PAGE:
“I agree with most of his policies, but I’m running on my own record,” Chabot said. “People can make up their own minds.”

Gibbs says that, despite Trump’s endorsement, he’s building appeal among independents and swing voters. He recalled one man approaching him in the lakefront city of Muskegon, northwest of Grand Rapids, and saying: “I voted for you. I’m a Democrat. Is that OK?”

“This race is not so much about Democrat vs. Republican. It’s more crazy vs. normal,” said Gibbs, pointing to high gas and food prices and “what they’re trying to do to kids in school,” with modern curriculums and inappropriate material in campus libraries being especially outlandish.

But, echoing Trump, Gibbs left open the possibility that he may object to the results of his own election next month.

“If it’s fair and everything’s on the up and up, I’ll accept whatever the result is,” he said. But asked if he could define fair, Gibbs replied, “Not at this point.”

“We’ll just have to kind of see how it goes,” he said.

A Scholten win would cement this area’s political transformation from red to blue. Booms in health, university and technology jobs are attracting scores of college-educated workers — with new residents often importing Democratic voting preferences. Grand Rapids and its suburbs have also turned more diverse, including notable increases in Hispanic voters.

Such a change was long unthinkable in the home city of Gerald Ford and former Trump administration Education Secretary Betsy DeVos, which once epitomized pro-business, country club conservativism.

“I love to play golf. We play at public courses,” Scholten said, laughing. “I think that’s a pretty good analogy, actually.”

Despite Democrat-friendly lines, national Republicans see the district as a “checks and balances” area where voters might have shunned Trump but want to control Washington’s spending and potential federal overreach.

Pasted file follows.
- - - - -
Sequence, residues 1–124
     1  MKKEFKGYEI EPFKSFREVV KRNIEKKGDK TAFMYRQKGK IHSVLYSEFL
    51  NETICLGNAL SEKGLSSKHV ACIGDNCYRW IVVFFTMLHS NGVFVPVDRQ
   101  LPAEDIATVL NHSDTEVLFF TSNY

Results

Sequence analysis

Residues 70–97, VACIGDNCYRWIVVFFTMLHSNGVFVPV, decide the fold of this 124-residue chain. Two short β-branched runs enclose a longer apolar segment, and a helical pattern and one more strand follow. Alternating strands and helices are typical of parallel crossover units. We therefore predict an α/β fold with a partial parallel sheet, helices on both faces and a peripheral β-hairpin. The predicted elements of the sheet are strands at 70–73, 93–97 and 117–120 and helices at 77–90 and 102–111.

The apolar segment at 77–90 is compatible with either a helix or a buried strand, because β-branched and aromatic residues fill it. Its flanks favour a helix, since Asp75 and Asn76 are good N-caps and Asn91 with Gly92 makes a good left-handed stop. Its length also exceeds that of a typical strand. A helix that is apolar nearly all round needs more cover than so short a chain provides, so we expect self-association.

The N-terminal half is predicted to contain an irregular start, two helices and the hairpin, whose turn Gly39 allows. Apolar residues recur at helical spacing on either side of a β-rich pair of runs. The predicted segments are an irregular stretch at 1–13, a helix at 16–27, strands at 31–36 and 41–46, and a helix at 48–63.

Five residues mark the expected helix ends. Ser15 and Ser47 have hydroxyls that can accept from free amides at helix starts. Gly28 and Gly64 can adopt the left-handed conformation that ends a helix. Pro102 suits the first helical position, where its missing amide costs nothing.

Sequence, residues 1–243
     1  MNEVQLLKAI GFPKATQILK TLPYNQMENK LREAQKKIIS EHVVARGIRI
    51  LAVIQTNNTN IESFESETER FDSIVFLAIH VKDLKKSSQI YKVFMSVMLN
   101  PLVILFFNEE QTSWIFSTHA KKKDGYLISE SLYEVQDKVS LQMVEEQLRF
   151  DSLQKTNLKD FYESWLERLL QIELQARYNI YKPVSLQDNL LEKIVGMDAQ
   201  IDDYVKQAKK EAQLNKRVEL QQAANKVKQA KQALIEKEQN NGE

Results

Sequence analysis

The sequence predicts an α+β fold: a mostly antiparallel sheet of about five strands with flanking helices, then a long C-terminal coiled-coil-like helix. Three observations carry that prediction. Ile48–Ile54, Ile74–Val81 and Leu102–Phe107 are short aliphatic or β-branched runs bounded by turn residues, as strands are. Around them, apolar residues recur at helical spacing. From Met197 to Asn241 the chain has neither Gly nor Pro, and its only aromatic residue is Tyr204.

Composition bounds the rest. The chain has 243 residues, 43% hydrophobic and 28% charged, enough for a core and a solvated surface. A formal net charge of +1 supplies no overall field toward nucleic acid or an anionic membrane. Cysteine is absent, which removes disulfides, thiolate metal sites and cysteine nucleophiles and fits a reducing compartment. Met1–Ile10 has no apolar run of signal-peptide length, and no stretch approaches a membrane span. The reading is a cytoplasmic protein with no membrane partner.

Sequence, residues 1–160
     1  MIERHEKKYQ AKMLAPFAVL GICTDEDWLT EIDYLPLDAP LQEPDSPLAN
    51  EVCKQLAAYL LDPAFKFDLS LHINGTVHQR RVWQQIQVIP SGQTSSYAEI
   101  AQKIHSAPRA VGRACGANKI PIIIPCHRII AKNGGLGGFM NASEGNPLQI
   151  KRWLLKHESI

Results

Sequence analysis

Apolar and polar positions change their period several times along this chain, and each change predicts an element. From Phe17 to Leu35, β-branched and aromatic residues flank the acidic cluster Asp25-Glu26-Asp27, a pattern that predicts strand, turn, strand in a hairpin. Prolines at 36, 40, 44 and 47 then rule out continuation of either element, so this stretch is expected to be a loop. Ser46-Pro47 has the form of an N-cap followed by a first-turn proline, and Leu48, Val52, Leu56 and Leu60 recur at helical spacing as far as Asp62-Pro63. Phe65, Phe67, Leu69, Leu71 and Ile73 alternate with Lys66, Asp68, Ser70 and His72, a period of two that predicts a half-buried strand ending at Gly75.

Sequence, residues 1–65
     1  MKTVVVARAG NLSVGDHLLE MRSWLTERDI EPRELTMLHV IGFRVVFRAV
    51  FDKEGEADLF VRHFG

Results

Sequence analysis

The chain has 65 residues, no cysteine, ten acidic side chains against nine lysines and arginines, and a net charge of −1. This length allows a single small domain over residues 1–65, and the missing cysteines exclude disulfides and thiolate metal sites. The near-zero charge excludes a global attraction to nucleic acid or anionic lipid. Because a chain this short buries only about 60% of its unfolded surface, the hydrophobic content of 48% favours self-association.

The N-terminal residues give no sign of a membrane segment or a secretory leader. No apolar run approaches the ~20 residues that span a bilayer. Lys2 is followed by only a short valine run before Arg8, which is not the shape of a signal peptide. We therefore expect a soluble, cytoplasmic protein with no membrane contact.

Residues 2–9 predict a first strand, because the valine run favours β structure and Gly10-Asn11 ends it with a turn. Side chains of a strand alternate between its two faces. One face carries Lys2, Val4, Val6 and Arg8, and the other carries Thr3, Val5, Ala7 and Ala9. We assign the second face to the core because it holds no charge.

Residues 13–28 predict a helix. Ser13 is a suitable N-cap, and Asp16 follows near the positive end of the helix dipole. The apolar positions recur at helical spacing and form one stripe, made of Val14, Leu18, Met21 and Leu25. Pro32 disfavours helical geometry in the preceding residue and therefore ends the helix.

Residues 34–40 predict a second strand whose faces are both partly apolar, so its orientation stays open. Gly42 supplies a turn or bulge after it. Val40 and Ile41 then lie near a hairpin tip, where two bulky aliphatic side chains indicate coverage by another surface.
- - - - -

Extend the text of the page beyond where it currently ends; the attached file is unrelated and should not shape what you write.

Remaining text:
Meijer was one of 10 House Republicans who voted to impeach Trump, prompting the former president to endorse Gibbs. The Democratic House campaign committee even financed a GOP primary ad proclaiming that Gibbs was “hand-picked by Trump to run for Congress,” believing he’d be beatable in November.

Trump once nominated Gibbs to head the Office of Personnel Management, but he wasn’t confirmed amid questions about past tweets, including one from 2016 in which Gibbs wrote, “Today’s Dem party: Islam, gender-bending, anti-police, ‘u racist!'”

Gibbs says Democrats have posted far more incendiary things. “I don’t apologize. I never have and will not,” he said.

Democrats hope that a question on Michigan’s ballot asking voters to put the right to an abortion in the state constitution energizes their base.

“The issue of choice is front and center in a way that it wasn’t before,” Scholten said. “It’s changed a lot of minds.”

Gibbs counters that his steadfast opposition to abortion is a winner. He’d only allow exceptions if a pregnant woman’s life is endangered. In instances of rape or incest, Gibbs said: “That baby, born in that case, is innocent. So I don’t see why an innocent person should have to perish.”

Raised in the Pentecostal church, Gibbs spent seven years as a missionary in Japan. But he converted to Catholicism in 2021 and now tries to go to Mass multiple times per week.

He has that in common with Biden, who is also a devout Catholic, though Gibbs isn’t seeking bipartisanship there. He retorted of the president’s frequent Mass attendance, “Yeah, I just wish he would accept the teachings.”

“If I ever saw him at Mass, I’d have a nice, frank conversation,” Gibbs said. “Give him a copy of the Catechism of the Catholic Church: ‘You oughta learn this.'”

___

Associated Press writer Joey Cappelletti contributed to this report.